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Encyclopedia of Psychology Alan E. Kazdin, PhD, Editor-in-Chief

EXCITEMENT

Owing much to the functional interpretation that Walter B. Cannon provided in his well-known analysis of fight-and-flight reactions, transfer theory projects that sympathetic activation serves immediate energy mobilization by supplying brain and muscles with glucose. The mobilization is mediated by catecholamine release, mostly adrenaline and noradrenaline, into the systemic blood circulation. This being a sluggish humoral process, the instigated activity dissipates only slowly. It is its lingering presence that is considered to influence subsequent emotions.

Specifically, the theory posits that humans are equipped with (a) a comparatively fast-acting cognitive apparatus that allows rapid adjustments to environmental changes, and (b) an excitatory system that is archaic in acting slowly and in rather undifferentiated fashion. The cognition-excitation time discrepancy in this adjustment creates what could be considered inappropriate reactions and emotional confusions.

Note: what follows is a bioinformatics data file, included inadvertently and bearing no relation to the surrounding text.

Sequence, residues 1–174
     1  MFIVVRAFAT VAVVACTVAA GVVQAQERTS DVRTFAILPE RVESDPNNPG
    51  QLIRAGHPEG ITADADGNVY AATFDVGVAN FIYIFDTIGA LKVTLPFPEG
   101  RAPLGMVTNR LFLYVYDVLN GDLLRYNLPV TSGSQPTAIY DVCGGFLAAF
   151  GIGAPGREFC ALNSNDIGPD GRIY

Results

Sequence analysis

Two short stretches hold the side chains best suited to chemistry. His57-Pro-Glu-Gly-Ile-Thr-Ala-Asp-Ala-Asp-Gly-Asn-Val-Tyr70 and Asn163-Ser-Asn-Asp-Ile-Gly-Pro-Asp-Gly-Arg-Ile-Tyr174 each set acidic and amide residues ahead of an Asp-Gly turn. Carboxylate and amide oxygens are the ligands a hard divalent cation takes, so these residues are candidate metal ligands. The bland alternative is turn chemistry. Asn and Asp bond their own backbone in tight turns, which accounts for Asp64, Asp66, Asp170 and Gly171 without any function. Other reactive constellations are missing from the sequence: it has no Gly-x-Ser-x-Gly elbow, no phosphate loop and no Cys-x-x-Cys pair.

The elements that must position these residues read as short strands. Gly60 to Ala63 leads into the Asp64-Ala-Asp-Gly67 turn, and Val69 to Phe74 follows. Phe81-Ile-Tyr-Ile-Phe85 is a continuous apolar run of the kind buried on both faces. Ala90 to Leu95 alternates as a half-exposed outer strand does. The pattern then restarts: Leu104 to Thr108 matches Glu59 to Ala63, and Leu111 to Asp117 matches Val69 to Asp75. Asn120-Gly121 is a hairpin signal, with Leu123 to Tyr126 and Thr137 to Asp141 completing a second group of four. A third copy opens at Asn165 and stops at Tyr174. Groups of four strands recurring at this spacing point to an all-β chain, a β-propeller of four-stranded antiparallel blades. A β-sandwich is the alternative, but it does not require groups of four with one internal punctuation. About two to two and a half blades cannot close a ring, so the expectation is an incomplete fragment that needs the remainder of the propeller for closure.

According to an analysis by Henry (1986), elevated testosterone levels are uniquely linked with elation that derives from successful social competition and the achievement of dominance. It has been shown that victory in both physical and mental competition leads to increased testosterone release, along with reduced release of the stress hormone cortisol. Defeat has the opposite consequence and results in a depression-like response pattern. The control and mastery of social and environmental circumstances, especially after an expenditure of effort, thus appears to be a potent contributor to pleasurable excitement.

Henry’s (1986) analysis includes endocrine processes in the brain. Of particular interest to excitement is the release of endorphins and related opioids. Elation, once achieved. is associated with low endorphin levels. Depressive displeasure is linked with increased endorphin release. These observations help explain why experiences of acute displeasure cannot be sustained for long periods and why, on occasion, they seem to yield euphoric sensations in their wake. In accordance with suggestions by Solomon (1980) it appears that endocrine regulation applies to hedonism in that prolonged experiences of displeasure initiate an opponent process, the release of endorphins, that eventually removes the displeasure and possibly fosters pleasure.

Tags: encyclopedia of psychology
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